Good morning. The day broke with a stabbing at Chabad’s main synagogue.
Stabbing, suspect killed at Chabad world headquarters
A witness said Calvin Peters was yelling “kill the Jews!” as he entered the synagogue at the Chabad movement’s world headquarters in Brooklyn early this morning. Peters stabbed a 25-year-old Israeli man who had come to Chabad to study for the rabbinate. Video shows police ordering Peters to drop the knife, and Peters hanging on to it.
Police shot him in the stomach. He died hours later at a Brooklyn hospital. The Israeli man is in stable condition with wounds to the head and neck.
Hit-and-run killing of Muslim teen a hate crime?
The Kansas City man charged with murdering 15-year-old Abdisamad Sheikh-Hussein last week, by mowing him over with an SUV, made his first court appearance Monday as police released details of an earlier incident involving suspect Ahmed H. Aden and the same vehicle, which was then painted with an anti-Islamic statement. The FBI is determining whether the death of Sheikh-Hussein should be labeled a hate crime. Aden’s mother says her son is Muslim, and that he was not motivated by prejudice but is mentally ill.
Homeless LGBT youth reclaim their spirituality
A new retreat helps homeless LBGT youth re-discover their spiritual sides. Sponsored by the Reciprocity Foundation, the brainchild of a Buddhist and a contemplative Christian, the retreat uses yoga to help these young people feel accepted after many had concluded that religion offered them nothing but rejection, RNS alumnus Caleb Bell reports.
Ferguson and the black church
NPR’s Michel Martin sparks a fascinating conversation with two prominent African-American religious thinkers on police brutality and the response of the black church. The Rev. Raphael Warnock preaches from Dr. King’s pulpit at Ebenezer Baptist in Atlanta. Eddie Glaude Jr. is a religion professor at Princeton, chair of its Center for African American Studies, and the author of the controversial essay: “The Black Church is Dead.”
Ever hear of Gauchito Gil, who stole from the rich and gave to the poor? Or La Difunta Correa, who supposedly was able to breastfeed her infant after she died? These are but two of Argentina’s “folk saints,” unrecognized by the Roman Catholic Church, but revered by many as if they were the real thing. The Week offers an interesting profile of these outlaw saints, and a great photo of a trivet depicting La Difunta and another revered Argentinian: Pope Francis.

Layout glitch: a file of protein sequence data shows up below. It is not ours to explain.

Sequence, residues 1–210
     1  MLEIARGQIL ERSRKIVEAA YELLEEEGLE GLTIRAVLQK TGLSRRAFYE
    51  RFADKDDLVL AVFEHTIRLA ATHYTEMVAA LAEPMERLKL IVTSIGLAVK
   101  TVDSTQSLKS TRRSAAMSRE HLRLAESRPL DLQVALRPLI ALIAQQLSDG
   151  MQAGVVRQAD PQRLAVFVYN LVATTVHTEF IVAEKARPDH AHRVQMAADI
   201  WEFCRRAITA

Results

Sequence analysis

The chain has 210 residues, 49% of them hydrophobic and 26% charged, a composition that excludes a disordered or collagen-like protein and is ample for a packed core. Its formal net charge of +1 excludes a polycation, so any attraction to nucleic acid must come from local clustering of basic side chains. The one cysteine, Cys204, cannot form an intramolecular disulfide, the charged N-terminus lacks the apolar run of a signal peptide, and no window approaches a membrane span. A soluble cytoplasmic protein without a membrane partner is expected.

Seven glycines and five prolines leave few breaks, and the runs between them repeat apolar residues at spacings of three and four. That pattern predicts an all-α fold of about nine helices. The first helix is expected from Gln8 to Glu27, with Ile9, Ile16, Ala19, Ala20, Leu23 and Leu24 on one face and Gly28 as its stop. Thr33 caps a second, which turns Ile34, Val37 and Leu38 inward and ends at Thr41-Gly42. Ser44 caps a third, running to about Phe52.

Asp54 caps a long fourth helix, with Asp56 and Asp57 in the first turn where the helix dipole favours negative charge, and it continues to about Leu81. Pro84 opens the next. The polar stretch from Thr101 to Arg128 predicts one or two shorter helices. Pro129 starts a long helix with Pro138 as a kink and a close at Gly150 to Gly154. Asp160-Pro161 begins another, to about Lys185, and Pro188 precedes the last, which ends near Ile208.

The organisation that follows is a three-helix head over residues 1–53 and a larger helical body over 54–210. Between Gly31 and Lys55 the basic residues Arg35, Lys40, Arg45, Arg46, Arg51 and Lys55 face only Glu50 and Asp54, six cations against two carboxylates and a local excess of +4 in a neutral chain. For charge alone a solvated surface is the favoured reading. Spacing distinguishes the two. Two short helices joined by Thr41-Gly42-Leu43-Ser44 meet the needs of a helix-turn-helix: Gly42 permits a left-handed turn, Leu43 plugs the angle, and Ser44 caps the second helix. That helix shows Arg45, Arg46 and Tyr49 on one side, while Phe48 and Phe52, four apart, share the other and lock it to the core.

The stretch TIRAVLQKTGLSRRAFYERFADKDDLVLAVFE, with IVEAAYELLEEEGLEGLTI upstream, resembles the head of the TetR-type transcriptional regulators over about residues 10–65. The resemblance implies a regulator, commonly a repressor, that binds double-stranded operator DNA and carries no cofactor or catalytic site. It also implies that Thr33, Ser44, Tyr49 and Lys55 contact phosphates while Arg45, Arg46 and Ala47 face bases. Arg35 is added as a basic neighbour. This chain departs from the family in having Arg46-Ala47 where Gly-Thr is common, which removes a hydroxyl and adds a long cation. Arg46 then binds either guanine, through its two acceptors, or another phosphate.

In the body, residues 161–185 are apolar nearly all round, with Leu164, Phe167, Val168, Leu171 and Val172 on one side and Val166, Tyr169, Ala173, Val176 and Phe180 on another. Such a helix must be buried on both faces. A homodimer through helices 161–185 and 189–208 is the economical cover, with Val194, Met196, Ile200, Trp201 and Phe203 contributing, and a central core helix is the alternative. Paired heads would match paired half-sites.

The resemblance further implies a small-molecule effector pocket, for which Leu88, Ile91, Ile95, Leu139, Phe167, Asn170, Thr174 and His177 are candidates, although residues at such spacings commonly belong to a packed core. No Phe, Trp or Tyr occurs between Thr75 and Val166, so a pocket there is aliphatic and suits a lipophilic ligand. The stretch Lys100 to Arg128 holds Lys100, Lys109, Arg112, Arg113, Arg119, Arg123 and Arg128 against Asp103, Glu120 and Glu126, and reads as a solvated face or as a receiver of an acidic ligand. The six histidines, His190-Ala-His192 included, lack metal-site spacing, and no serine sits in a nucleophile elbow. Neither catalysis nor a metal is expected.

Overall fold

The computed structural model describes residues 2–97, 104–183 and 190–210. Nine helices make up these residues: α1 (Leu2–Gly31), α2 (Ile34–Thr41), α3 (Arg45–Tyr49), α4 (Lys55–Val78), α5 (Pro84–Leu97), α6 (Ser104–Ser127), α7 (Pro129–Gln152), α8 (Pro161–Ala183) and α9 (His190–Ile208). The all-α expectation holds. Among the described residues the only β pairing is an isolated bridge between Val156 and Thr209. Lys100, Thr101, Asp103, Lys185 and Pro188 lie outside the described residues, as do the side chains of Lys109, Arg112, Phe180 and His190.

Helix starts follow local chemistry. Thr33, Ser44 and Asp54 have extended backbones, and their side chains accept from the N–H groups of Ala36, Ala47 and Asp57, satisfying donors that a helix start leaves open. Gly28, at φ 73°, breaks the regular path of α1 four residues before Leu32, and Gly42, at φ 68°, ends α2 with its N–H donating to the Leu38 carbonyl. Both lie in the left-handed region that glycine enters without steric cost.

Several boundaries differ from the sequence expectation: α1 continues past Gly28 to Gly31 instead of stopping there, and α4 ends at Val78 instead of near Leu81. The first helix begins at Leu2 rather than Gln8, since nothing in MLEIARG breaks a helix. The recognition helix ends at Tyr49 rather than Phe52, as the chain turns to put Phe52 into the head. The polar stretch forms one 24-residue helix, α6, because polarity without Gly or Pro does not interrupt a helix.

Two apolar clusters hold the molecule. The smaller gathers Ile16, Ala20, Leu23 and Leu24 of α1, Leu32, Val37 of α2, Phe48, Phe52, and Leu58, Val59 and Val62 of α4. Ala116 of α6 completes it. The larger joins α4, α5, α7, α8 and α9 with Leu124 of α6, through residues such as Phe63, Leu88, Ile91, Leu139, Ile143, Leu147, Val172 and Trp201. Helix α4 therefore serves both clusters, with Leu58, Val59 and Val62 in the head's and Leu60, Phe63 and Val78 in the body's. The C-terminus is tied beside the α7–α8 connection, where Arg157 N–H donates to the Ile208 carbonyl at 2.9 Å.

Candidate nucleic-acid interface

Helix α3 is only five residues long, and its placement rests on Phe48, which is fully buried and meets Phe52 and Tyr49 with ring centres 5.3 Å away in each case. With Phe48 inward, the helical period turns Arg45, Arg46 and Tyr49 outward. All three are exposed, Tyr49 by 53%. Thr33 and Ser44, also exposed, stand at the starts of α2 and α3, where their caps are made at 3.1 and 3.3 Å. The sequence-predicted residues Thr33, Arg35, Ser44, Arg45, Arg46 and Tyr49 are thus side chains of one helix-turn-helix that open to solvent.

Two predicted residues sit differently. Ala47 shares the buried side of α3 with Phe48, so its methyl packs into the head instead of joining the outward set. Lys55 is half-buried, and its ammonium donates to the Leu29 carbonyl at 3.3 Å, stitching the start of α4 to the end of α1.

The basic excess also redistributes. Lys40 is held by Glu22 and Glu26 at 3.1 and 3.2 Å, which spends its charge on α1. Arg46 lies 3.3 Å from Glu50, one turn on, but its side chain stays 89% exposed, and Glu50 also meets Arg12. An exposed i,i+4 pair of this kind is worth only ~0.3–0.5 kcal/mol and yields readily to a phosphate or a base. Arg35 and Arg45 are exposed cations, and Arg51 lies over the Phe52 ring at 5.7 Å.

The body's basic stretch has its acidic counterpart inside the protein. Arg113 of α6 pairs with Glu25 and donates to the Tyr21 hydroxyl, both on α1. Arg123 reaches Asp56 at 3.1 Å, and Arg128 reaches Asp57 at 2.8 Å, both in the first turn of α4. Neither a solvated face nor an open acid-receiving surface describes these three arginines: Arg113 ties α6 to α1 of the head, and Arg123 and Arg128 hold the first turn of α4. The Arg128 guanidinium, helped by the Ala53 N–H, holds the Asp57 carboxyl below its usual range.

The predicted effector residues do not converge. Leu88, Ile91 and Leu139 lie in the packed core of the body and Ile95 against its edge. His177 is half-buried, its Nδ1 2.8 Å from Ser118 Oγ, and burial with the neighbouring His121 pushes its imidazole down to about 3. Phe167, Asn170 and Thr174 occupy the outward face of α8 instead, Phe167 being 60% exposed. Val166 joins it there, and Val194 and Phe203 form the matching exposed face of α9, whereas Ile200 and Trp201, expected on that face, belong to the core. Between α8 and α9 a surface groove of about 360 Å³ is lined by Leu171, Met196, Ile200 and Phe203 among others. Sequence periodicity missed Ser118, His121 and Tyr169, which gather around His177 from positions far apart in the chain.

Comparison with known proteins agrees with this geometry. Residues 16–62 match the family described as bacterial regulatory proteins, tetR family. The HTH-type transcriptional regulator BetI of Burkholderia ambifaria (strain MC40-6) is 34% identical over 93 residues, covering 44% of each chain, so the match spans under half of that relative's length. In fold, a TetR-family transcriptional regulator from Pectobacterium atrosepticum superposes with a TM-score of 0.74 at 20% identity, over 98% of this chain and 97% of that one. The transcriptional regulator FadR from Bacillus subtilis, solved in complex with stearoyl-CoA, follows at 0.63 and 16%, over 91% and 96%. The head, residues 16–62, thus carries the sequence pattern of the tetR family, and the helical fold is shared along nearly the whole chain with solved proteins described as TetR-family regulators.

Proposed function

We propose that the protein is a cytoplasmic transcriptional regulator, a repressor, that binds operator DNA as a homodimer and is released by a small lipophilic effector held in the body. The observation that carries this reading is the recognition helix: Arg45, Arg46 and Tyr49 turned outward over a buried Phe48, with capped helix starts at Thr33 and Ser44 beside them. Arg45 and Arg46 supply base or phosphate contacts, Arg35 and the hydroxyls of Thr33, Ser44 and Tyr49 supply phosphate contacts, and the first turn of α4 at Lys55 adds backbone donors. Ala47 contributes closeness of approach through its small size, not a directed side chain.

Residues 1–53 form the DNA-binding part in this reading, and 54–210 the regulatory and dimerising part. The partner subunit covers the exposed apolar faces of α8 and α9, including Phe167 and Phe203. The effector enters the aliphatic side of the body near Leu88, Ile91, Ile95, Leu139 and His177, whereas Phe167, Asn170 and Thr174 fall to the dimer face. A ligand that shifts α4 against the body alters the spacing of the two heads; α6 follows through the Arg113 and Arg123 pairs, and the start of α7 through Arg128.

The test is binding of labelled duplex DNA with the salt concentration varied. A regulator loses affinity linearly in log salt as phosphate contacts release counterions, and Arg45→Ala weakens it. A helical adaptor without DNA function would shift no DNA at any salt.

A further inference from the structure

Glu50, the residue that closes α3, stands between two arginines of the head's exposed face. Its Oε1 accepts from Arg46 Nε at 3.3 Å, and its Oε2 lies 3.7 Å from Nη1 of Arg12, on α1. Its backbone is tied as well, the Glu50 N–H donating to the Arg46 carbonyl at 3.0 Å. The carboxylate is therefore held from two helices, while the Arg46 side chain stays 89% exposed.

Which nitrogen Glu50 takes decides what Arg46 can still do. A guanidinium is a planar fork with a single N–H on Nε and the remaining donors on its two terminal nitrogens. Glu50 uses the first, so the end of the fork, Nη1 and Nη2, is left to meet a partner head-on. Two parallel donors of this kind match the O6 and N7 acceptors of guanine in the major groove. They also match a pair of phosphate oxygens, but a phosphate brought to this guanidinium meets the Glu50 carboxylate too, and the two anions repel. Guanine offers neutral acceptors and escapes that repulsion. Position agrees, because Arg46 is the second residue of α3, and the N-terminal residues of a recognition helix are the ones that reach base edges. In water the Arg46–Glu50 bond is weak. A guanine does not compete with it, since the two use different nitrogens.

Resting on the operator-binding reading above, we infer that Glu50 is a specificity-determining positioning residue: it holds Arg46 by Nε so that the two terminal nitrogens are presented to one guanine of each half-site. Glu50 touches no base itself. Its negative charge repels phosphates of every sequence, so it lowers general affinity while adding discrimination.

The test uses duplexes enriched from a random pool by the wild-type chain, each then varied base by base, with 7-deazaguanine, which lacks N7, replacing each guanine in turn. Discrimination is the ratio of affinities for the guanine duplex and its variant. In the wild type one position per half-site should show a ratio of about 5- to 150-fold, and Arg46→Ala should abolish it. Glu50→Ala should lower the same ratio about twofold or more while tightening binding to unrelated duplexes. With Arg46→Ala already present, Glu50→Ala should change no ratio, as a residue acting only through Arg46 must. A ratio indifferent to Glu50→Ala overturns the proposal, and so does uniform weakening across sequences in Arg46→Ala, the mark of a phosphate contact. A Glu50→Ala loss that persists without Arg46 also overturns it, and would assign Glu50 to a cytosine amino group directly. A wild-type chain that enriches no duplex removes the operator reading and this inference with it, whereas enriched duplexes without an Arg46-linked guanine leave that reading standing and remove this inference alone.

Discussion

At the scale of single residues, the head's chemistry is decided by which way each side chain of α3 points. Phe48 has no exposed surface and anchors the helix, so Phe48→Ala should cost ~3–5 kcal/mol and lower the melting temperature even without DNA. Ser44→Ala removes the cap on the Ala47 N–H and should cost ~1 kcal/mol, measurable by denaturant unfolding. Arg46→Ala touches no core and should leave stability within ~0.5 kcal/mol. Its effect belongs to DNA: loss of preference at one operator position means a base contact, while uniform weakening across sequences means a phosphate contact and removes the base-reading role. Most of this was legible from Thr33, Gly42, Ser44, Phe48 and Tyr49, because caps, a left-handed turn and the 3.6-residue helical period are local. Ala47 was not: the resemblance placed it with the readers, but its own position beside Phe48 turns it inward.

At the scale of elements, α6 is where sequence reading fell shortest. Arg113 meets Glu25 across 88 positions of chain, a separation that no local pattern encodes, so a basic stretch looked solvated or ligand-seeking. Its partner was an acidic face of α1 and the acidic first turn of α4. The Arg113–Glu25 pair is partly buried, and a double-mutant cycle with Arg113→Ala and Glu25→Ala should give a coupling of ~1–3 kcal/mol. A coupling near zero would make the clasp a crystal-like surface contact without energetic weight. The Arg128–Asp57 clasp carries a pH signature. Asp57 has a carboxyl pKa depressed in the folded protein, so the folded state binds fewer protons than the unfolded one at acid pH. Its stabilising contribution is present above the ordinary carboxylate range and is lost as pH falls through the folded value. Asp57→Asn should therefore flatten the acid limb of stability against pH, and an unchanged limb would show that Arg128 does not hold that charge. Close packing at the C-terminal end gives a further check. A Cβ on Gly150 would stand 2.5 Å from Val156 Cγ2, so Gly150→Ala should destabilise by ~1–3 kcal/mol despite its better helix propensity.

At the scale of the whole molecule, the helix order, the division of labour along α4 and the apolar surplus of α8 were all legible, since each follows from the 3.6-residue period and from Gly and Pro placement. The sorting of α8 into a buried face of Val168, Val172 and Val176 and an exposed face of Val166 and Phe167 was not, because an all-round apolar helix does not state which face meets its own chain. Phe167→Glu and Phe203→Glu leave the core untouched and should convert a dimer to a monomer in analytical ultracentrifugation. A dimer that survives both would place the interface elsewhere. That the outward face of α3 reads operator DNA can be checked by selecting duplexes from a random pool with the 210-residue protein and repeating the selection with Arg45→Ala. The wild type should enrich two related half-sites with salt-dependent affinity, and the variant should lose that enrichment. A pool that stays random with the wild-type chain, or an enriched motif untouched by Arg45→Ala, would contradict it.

Jesus and hot wings
An Alabama pastor next Sunday plans to hold church at a Buffalo Wild Wings franchise outside Birmingham in hopes of enticing the unchurched, writes our friend Greg Garrison at The Birmingham News. “We believe there’s a population that would attend a service there that wouldn’t go to a church,” said the Rev. Wesley Savage, minister of young adults for Riverchase United Methodist Church.
In other fast food/church news
Here’s an update on the McMass project, which aims to place Mickey D’s in churches, as you may have first read about in this roundup two weeks ago. People aren’t lovin’ it.
“This may be the first book I’ve read that connects mutual orgasms to Christian witness,” writes Christine J. Gardner, reviewing “Saving Sex: Sexuality and Salvation in American Evangelicalism,” religion professor Amy DeRogatis’ new sex book. Stocking stuffer?
It would be good if . . .
Iran would free Washington Post correspondent Jason Rezaian, who holds Iranian and U.S. citizenship and has been in jail since July 22.
Do’s and Don’ts
Do take a gander at this highly tattooed Brazilian Santa.
Do not, even accidentally, put a swastika on Hanukkah wrapping paper.
Do peruse the RNS 2014 Holiday Gift Guide. I know you have 14 Lands’ End catalogues but you get only one of these babies!
Best of the rest from RNS
Some church leaders say the “Ebola remake” of “Do They Know It’s Christmas” includes some lyrics demeaning to Africans.
The Supreme Court considers license-plate speech, which often includes religious sentiments.
5 takeaways from Pope Francis’ recent blockbuster interview.
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